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fried-green tomato blt’s


the sandwich on the left is served on whole-grain bread and crusty homemade bread on the right – equally delicious!

Two fortuitous events happened a few minutes apart today to bring about the creation of this recipe.  First, I discovered a pound of hickory smoked bacon in my freezer from The Pork Shop. Next, my dad dropped by with a bag of green and ripe tomatoes given to him by my cousin Diane, who has a big garden. I’ll have no problem using up all the lovely ripe red tomatoes, but what to make with those green tomatoes? Well, fried green tomatoes, of course!

Barbara Fenzl, Kim Howard, and I took a “field trip” in late spring to the Queen Creek Olive Mill and The Pork Shop, two fabulous places that are more than worth the 100-mile round- trip from my house! And that is saying something! They are both located in Queen Creek, Arizona, and only about 2 miles from each other, so local foodies, arrange your own “field trip” at lunchtime and thank me later. Go to the Queen Creek Olive Mill website for directions, hours, and tour times. The Pork shop is located at 3359 E Combs Road, Queen Creek Arizona. Call them at 480-987-0101 for information or hours.  (since writing this post, The Pork Shop has created a website, check it out HERE.)

Since we are frying, the time is right for a few important frying tips:

1. Once the oil or fat is up to temperature and just before you start to fry the food, sprinkle a couple of pinches of coarse kosher salt into the oil to keep it from splattering.  2. Use a splatter screen to keep yourself safe and keep your kitchen cleaner. 3. Work in small batches, the temperature of the oil decreases as soon as you add food to it, so in this case, less is more.  4. Lower food gently into hot oil; never just drop it in.  5. Use tongs, not a fork, when turning food. Be sure to keep the tongs pointed downward when handling to prevent hot oil from dripping down the handles and onto you!  6. To help minimize odors, boil cinnamon sticks or a bay leaf in a small pot of boiling water before, during, and a little while after frying plus turn your stove vent on and open the kitchen window when weather permits. 7. Paper towels are fine for draining bacon, but brown paper bags are the best to drain food on because they retain more crispiness. A metal cooking rack placed over a paper towel-lined baking sheet does a good job too.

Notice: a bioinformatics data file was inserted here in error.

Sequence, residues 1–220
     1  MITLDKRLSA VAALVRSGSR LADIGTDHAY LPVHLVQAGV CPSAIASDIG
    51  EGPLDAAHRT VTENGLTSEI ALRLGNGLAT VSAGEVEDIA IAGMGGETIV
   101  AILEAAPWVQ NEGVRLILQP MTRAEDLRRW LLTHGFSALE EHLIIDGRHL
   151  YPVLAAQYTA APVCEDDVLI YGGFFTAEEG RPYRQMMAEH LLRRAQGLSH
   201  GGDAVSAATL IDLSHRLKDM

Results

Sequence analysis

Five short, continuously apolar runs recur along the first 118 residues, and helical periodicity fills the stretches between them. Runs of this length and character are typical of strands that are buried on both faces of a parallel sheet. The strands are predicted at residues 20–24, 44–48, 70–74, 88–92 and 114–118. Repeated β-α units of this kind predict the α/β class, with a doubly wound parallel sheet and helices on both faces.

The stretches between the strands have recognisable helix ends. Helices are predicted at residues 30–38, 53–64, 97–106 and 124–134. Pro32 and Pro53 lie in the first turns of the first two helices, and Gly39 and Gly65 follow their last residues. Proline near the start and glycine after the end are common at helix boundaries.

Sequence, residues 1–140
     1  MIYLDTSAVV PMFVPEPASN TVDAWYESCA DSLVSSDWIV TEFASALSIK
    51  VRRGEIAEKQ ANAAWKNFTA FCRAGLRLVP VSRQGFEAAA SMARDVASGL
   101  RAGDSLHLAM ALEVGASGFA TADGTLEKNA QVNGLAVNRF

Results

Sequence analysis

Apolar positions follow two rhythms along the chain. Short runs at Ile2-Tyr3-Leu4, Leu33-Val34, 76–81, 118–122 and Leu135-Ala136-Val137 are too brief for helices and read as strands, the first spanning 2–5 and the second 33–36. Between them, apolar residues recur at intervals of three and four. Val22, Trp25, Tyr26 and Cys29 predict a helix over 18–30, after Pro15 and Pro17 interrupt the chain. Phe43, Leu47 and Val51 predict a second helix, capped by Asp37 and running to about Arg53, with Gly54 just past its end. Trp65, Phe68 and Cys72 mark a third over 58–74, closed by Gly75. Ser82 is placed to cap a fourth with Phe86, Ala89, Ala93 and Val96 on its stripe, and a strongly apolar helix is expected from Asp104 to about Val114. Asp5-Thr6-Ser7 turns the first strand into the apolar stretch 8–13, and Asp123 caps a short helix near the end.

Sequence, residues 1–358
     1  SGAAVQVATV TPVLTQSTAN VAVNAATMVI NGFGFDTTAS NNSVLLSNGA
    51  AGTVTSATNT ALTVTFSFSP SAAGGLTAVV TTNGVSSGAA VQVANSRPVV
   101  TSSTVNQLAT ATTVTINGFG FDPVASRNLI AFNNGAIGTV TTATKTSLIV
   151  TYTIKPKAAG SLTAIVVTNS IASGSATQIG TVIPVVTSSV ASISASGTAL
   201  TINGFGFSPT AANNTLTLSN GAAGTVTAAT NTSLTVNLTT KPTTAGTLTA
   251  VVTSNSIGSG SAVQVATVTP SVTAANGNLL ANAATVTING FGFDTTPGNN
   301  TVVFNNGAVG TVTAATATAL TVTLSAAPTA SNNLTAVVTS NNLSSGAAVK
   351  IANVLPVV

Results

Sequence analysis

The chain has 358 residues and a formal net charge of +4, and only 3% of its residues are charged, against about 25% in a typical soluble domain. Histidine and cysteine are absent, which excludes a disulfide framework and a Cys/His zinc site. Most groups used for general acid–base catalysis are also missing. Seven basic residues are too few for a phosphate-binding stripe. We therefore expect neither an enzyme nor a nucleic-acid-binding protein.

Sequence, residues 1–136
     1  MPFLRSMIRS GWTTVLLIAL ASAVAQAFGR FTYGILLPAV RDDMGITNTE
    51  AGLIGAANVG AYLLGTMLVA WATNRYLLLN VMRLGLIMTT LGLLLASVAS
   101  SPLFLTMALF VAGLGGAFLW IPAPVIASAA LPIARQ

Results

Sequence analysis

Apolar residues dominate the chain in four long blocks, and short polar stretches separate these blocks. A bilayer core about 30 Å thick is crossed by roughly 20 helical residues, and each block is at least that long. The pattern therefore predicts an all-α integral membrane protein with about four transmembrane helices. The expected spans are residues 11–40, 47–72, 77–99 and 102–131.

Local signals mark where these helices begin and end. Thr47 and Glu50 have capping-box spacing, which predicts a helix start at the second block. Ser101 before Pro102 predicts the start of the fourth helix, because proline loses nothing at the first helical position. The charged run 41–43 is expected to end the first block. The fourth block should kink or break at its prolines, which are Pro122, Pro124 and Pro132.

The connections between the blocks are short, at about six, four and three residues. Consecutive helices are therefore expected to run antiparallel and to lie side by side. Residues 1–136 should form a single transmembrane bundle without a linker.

bacon and tomatoes draining on brown paper bag

bacon and tomatoes draining on a brown paper bag

Fried-Green Tomato BLT’s

1 cup (lightly packed) fresh basil leaves
1/2 cup mayonnaise
2 tablespoons unsalted butter, at room temperature
Salt and freshly ground black pepper, to taste

1/2 pound sliced bacon
1/3 cup yellow cornmeal
1/4 teaspoon paprika
1 egg
1 pound green tomatoes, cut into 1/4-inch-thick slices
4 slices of whole-grain or crusty homemade bread
1/4 pound brie with rind removed, cut into 1/4-inch-thick slices
12 arugula leaves

Blend basil, mayonnaise, and butter in a processor until smooth.  Season to taste with salt and pepper.  Cover and refrigerate for at least 1 hour before using.

In large heavy skillet cook bacon until crisp, drain on a brown paper bag or paper towels, and reserve 1/4 cup drippings.

Combine the cornmeal and paprika on a plate. In a shallow bowl, beat the egg.

Heat 2 tablespoons of the reserved bacon drippings in the same skillet over medium heat until hot but not smoking.

Sprinkle the tomato slices with salt and pepper. Coat 5 of the tomato slices in the egg, then dredge them in the cornmeal mixture.

Cook tomatoes until golden brown on both sides, about 5 minutes, transferring as cooked to a brown paper bag to drain.  Coat and cook the remaining tomatoes in the same manner, using additional drippings as necessary.

Toast the bread slices and spread one side of each slice with basil mayo.

Make sandwiches by layering 2 slices of the bread with brie, arugula,  tomatoes, and bacon. Top with remaining bread slices.  Slice in diagonally in half and serve.

Makes 2 sandwiches

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